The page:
The Comet Affair
Why the cold war forced the British government to choose between keeping a friend and arming an enemy.
- By Jeffrey A. Engel
- Air & Space magazine, September 2003
Rolls Royce (SI Neg. #90-9560)
ON MAY 3, 1952, THE COOL QUIET OF AN ENGLISH MORNING WAS BROKEN BY FOUR JET ENGINES screaming to life. A brand-new airliner was about to make history, inaugurating the world’s first commercial jet service. sleek, fast, and wholly without peer, the comet, owned by british overseas airways corporation, held 36 business executives, luxury travelers, and distinguished guests of the airline and the airplane manufacturer, de havilland aircraft. the comet’s maIden voyage: a multi-stop journey from england to south africa.
It was a flight that signaled a new age of travel. The Comet’s four Rolls-Royce Ghost jet engines, each of which provided 5,000 pounds of thrust, nearly halved the time needed to fly from one end of the British Empire to the other, reducing travel time from London to Johannesburg from 36 hours to 23. With speeds like that, BOAC’s chairman, Sir Thomas Miles, boasted, “New Yorkers will be able to take a swim in Bermuda and dry themselves at home.”
Unprecedented speed was only half the Comet’s allure. The aircraft’s engines, advanced aerodynamic design, and the relatively new technology of cabin pressurization enabled it to climb high above inclement weather—nearly twice as high as most airliners of the day—and cruise through skies of unprecedented calm. When the first group of voyagers stepped onto Johannesburg’s Palmieterfontein Field—surrounded by 20,000 spectators lined up to witness the arrival—one young woman questioned by reporters paid the airplane the ultimate compliment: During the flight, she had fallen asleep.
The following year, BOAC began to equip a second generation of Comets with Avon engines. Unlike the Ghosts, which used centrifugal flow, the Rolls-Royce Avon employed an axial-flow design, which shot air directly through the engine, a more efficient arrangement. Airlines from around the world lined up to purchase the Avon-powered craft.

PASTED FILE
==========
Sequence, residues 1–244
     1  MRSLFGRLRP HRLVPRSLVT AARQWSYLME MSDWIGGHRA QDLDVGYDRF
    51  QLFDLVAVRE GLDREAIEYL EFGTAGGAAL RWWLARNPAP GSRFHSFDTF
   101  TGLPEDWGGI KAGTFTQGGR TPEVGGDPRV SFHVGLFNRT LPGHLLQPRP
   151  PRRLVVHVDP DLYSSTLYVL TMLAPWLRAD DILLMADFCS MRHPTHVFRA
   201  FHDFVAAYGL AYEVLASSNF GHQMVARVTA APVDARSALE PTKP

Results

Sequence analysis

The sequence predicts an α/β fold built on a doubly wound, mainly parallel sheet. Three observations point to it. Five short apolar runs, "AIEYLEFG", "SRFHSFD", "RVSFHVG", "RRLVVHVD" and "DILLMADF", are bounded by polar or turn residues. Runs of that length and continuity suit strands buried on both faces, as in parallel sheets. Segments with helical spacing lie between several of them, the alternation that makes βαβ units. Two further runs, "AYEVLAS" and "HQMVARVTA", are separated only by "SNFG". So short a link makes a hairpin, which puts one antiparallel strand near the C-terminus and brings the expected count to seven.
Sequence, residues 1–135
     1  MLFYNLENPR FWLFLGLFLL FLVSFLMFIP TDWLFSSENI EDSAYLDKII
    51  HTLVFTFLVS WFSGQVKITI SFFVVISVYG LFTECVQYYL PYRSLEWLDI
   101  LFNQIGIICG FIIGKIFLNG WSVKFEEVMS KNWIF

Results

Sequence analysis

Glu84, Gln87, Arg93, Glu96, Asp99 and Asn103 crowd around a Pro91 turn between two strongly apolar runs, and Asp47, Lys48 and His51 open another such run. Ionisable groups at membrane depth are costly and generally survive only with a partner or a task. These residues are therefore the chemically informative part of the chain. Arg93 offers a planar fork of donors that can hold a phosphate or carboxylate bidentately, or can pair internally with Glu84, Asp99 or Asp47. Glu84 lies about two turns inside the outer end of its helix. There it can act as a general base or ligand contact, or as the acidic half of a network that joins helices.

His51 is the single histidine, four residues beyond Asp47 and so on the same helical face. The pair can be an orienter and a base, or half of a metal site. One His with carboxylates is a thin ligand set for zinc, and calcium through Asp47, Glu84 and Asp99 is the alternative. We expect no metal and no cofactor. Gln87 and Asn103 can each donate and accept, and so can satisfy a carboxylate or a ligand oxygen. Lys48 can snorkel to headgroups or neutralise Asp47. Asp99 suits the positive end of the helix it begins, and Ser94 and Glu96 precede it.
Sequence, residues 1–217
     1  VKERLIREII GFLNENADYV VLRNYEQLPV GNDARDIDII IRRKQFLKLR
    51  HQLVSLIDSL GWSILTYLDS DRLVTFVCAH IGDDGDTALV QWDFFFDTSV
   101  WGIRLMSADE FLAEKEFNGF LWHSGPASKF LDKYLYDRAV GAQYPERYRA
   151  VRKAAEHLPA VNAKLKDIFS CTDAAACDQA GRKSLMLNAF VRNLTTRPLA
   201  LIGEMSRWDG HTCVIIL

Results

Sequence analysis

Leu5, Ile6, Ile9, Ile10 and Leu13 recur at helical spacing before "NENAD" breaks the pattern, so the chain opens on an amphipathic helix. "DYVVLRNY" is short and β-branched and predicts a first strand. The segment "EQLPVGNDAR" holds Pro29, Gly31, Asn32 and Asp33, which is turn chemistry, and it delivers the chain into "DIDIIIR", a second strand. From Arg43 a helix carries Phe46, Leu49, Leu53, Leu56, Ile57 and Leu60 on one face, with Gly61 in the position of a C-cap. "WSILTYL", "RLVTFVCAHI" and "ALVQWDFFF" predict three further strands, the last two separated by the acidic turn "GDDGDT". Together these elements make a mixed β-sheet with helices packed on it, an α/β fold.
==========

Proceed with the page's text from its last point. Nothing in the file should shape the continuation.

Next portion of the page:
British policymakers were hopeful that Comet sales would help give the nation the economic boost it needed in the years following World War II. Duncan Sandy, the United Kingdom’s supply minister, wrote to Prime Minister Winston Churchill: “On whether we grasp this opportunity [for extensive Comet sales] and so establish firmly an industry of the utmost strategic and economic importance, our future as a great nation may to no small extent depend.”
That goal would not prove easily achieved. The United States objected to the sales, citing concerns that lax airline security in foreign nations offered innumerable opportunities for Communist agents to steal the technological secrets of the Avon. And with Avon-like engines affixed to their wings, Soviet airplanes might gain the range and the payload capacity to launch, for the first time, atomic strikes against the United States.
Theoretically, propeller-driven Soviet bombers operating from secret airfields far above the Arctic Circle could already hit most major U.S. targets (at least during the six months of the year the airfields were not iced in). But those lumbering airplanes would be pushed to the limit of their one-way range; they didn’t pose nearly as big a threat as long-range jet bombers capable of outflying U.S. defenses and returning safely home.
The United States had another reason to fear British technology ending up in Soviet aircraft. It had happened before.